SpaceX is planning to launch its next mission, SXM-8, from Cape Canaveral in Florida early Sunday morning, the organization posted on Twitter.
“Next launch will be the SXM-8 mission on Sunday, June 6; the one-hour and 59-minute window opens at 12:26 a.m. EDT,” the post read.
The launch window is currently scheduled for 12:26 a.m. ET on Sunday with a 1-hour, 59-minute window to carry it out, according to the Space.com website.
According to the article, the two-stage Falcon 9 rocket take off from the Space Launch Complex 40 and deliver a new broadband satellite, built by Maxar Technologies, for Sirius XM.
It will be the second satellite sent into orbit for the company, replacing outdated models currently in orbit, the story said.
The first stage of the rocket is planned to land on the “Just Read The Instructions” drone ship off the coast in the Atlantic Ocean.
According to the Launch Execution Forecast by the United States Space Force, the launch has a 60% probability of going off with a chance for onshore showers late Saturday.
If the weather does not cooperate, there is a back up launch window on Monday with an 80% favorability factor for a launch, the story said.
The main rocket is a B1061 which has already successfully carried two manned capsules to the International Space Station before carrying the more than 15,000-pound satellite into orbit for Sirius XM.
Once operational in orbit, the satellite will send down more than 8,000 watts of broadcast content to subscribers in the United States, Canada, and the Caribbean.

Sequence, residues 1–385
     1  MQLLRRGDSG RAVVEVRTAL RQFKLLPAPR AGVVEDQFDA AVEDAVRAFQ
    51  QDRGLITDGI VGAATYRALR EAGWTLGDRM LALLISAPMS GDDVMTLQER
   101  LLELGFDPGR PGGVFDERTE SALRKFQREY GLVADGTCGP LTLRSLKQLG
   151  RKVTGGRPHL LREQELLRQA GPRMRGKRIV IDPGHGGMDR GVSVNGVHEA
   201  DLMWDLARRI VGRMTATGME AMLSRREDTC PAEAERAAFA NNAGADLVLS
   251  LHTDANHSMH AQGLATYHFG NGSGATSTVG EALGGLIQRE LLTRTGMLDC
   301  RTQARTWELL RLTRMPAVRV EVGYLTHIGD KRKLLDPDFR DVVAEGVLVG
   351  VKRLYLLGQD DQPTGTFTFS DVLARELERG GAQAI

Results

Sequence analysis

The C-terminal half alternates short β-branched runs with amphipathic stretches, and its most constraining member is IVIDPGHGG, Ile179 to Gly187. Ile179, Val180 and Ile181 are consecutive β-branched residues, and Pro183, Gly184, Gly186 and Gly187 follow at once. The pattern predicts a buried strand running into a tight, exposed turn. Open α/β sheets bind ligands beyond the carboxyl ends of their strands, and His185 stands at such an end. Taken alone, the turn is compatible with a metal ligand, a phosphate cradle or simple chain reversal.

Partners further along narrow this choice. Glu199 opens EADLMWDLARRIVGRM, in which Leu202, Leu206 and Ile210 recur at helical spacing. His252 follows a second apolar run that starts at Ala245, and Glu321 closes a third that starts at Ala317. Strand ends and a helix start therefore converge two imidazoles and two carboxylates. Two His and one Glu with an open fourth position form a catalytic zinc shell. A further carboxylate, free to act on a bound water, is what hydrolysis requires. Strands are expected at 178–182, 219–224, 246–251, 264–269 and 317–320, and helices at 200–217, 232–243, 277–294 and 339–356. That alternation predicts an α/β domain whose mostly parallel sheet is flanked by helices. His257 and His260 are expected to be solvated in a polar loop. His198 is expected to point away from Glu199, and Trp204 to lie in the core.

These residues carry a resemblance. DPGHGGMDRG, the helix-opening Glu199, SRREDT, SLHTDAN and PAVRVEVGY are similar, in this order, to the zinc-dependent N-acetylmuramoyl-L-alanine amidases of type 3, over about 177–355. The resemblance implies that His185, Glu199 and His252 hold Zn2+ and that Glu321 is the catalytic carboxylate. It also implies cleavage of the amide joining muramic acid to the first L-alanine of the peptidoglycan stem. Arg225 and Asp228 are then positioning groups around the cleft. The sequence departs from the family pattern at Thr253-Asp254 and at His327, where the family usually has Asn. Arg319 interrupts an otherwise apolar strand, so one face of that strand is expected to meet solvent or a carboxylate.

If successful, this will be the second launch in three days from the cape.
SpaceX launched an updated cargo Dragon rocket Thursday, delivering 7,300 pounds of research and supplies to the ISS, according to the report.
The company also put the Falcon 9 for Sunday’s launch through a static fire test of the rocket during the morning.
SpaceX is the brainchild of Tesla founder, and billionaire Elon Musk, and “has gained worldwide attention for a series of historic milestones,” its website read.
“It is the only private company capable of returning a spacecraft from low-Earth orbit, and in 2012 its Dragon spacecraft became the first commercial spacecraft to deliver cargo to and from the International Space Station. And in 2020, SpaceX became the first private company to take humans there as well.”
SpaceX will also continue to retrieve the Falcon 9’s payload nose cone on Sunday’s flight, and has deployed vessels in the ocean to return it once it splashes down, the story said.
Live video of the launch will be available on the Space.com website.
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